Here’s why CMPD says they charged ‘Southpark Susan’ with misuse of 911

Updated: Nov. 2, 2018 at 6:30 PM EDT
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CHARLOTTE, NC (WBTV) - When the woman now known on social media as ‘Southpark Susan’ called Charlotte Mecklenburg Police (CMPD) 911 to report that she wanted two African American women removed from the parking lot of an apartment complex in Southpark because they were allegedly intimidating her, begging for money, and taking her pictures, Susan Westwood became the latest person that CMPD charged with misuse of 911.

“Someone who calls 911 to concoct some story of something because they want to use the police department as leverage in a situation that they think that will better the outcome of something for them that’s certainly not going to be tolerated,” said Lt Brad Koch.

According to CMPD, for the fiscal year July 2017 to June 2018, operators answered more than 954,000 calls to 911.

Police say so far this year, 45 people have either been arrested or given a citation for misuse of 911.

“Anytime you have someone who either continually calls 911 and is not in real need of emergency or someone who fabricates a story to get police to respond to their location those are certainly incidences where we would charge someone with misuse of 911,” said Lt Koch.

While questioning two African American women about why they were in the parking lot, Westwood – on cell phone video taken by one of the African American women - can be heard saying "Is your boyfriend here? Is your baby daddy here? nobody cares. I’m white and I'm hot."

Then, she called 911.

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During the six-minute call, Westwood insisted that officers come and remove the women. At one point she offered to pay police.

Police say when officers responded, they determined that the women were not a threat or breaking the law. In fact, Lt Koch says when three commanders reviewed Westwood's 911 call, something was clear.

“And it was obvious from this case based on what Ms Westwood was saying to the 911 operator the story she was telling was not true at all. That’s why the determination was made to go ahead and charge her with this misdemeanor,” said Lt Koch. “She was using the police to try to further her agenda. Our job is not to take sides. Our job is to be there - and in this particular instance it was a disturbance call for service – was to be there as peacemakers and you know we want.. our goal is not to arrest people whenever or to sign warrants on individuals who misuse 911 but that certainly is an avenue that officers can explore.”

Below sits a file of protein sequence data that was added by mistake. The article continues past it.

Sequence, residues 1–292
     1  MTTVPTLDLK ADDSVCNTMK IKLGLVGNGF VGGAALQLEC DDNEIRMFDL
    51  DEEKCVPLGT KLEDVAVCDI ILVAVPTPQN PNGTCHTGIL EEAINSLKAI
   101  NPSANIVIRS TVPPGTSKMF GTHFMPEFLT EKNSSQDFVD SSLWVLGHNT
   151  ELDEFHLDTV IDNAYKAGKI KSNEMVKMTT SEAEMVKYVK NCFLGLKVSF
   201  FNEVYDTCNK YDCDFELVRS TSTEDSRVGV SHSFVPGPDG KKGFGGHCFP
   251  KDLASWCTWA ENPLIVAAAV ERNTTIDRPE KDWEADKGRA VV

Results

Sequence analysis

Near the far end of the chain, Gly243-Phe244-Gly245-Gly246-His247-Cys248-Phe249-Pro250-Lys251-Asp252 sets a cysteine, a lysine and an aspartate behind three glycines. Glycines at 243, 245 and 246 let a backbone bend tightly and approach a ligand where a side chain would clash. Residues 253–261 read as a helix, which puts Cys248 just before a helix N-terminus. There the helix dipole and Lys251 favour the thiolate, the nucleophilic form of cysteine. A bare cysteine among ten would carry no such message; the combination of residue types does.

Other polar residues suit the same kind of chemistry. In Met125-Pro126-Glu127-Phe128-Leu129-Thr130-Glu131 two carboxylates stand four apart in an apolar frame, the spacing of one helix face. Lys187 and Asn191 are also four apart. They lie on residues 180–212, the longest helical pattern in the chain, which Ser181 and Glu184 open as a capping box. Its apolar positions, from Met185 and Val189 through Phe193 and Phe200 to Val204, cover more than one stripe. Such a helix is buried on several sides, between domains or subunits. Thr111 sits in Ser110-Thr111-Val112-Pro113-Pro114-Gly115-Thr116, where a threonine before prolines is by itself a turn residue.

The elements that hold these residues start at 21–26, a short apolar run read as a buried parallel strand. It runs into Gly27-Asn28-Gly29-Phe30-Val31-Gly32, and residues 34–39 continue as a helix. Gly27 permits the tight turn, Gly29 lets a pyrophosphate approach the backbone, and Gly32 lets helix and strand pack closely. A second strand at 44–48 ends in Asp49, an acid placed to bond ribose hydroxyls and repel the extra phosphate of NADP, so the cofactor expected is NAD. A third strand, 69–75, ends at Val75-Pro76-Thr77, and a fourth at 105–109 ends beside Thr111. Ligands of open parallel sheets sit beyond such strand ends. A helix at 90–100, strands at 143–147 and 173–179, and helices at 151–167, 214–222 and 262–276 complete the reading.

In addition to the arrest warrant for misuse of 911, there are four summonses for Westwood for communicating threats and assault.

A spokesperson for the Mecklenburg County Sheriff’s Office says deputies have tried eight times since Oct. 30 to serve Westwood but have been unable to find her.

Police say they hope people understand that 911 is not a personal toy or tool.

“We get a lot of 911 hang up calls. We get a lot of people who accidentally call 911 but the real emphasis and the real goal behind 911 is to be able to provide services for people who are in need,” said Lt Koch. “And there’s always a limited number of officers available at any given time and we want to make sure that people who really need 911, that really need the assistance are the ones that we are able to provide that service to.”

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